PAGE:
Today we text message. We post messages on our Facebook or MySpace. We email, instant message, or call our beloved. And although it would be a mistake to judge these modes of communication as being better or worse than the love letter, one cannot help but think, and be awed, that for centuries the only means for two to send words of love was through the letter. Though there is poetry, though there are sonnets, plays, and novels without end expressing romantic love, for some reason the love letter holds a dear precious place in our hearts. Perhaps we remember our first love letter and through that remembrance of times past personalize the experience of reading the letters of another. Perhaps it is the concise passionate intensity of it. So much of one's heart in so short a space. Ink with the passion of one intoxicated by love.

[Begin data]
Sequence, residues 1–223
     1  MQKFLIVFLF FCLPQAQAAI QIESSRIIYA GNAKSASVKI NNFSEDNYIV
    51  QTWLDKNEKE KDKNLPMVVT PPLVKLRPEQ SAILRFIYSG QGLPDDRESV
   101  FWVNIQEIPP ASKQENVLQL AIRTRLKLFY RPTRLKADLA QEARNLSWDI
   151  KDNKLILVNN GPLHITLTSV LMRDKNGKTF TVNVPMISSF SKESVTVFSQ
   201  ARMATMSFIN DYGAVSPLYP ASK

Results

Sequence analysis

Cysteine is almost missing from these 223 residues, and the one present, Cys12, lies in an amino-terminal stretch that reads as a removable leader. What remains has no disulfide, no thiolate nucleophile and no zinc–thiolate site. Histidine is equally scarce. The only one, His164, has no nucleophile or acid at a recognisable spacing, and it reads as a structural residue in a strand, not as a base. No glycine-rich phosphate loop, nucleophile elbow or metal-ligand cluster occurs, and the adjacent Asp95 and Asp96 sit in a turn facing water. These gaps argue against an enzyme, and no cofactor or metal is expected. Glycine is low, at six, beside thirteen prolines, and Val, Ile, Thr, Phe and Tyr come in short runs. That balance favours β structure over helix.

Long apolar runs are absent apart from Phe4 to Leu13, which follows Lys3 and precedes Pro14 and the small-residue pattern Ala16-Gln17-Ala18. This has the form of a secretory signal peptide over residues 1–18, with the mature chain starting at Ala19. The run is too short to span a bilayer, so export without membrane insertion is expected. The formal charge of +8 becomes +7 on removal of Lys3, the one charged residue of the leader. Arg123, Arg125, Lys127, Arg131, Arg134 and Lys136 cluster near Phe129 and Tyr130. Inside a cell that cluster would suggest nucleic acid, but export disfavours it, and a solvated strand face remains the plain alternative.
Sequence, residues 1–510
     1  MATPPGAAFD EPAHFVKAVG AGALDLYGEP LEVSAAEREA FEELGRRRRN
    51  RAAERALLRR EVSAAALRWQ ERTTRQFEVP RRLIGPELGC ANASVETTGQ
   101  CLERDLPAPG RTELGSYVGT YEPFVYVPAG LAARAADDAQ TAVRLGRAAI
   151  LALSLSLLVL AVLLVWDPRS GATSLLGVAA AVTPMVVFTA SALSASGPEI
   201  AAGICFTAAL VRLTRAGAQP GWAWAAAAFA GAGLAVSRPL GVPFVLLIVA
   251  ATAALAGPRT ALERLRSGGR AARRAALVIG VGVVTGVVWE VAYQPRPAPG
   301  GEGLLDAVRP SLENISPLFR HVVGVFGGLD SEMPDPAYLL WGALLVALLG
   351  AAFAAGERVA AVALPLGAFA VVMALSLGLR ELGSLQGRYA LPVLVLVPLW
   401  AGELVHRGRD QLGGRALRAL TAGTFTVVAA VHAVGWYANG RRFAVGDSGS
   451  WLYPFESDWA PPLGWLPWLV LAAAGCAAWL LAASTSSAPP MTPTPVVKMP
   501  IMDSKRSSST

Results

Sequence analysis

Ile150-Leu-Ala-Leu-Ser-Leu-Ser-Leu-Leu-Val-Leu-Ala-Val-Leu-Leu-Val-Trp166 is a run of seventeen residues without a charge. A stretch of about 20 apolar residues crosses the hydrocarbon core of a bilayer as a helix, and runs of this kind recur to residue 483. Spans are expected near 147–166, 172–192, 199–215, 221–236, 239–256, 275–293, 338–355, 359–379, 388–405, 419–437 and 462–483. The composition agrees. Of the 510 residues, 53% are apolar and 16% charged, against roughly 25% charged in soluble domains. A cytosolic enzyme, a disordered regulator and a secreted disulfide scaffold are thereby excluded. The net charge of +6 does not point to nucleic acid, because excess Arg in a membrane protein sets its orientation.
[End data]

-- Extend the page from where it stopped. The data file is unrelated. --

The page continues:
Whatever it may be, we are drawn to it time and again. And in that fascination, Everyman's Library has taken passion of lovers and loved from the past centuries, for us to voyeuristically behold. Choosing to embrace all the nuances of love, rather than a single dimension, E.L. presents humorous love (G.K. Chesterton to Frances Plogg), intoxicating love (Keats to Fanny Browne), erotic love (Ann Hamilton and Barbara Villiers to Lord Chesterfield), deeply sad love (Nadia Mandelstam to Osip Mandelstam), and of course all consuming love(Bernard Shaw and Stella Campbell; F. Scott and Zelda). Through these letters, one sees love not as the construct of the imagination of an author, or poet, or playwright. Through these letters one sees love in all its living, breathing beauty and reality. This book does not idealize love. It does not have to. Love, as it exists in reality, is more beautiful, more perfect than any fancy any artist could conjure up. It is perfect not in spite of its flaws and pains and disappointments. It is perfect because of its flaws and pains and disappointments. In this book one reads of the joys and pains, the victories and defeats, the winters and springs of true love. In this book, filled with true love from true lovers, one sees that love is not perfected in books or art; it already exists perfect in life.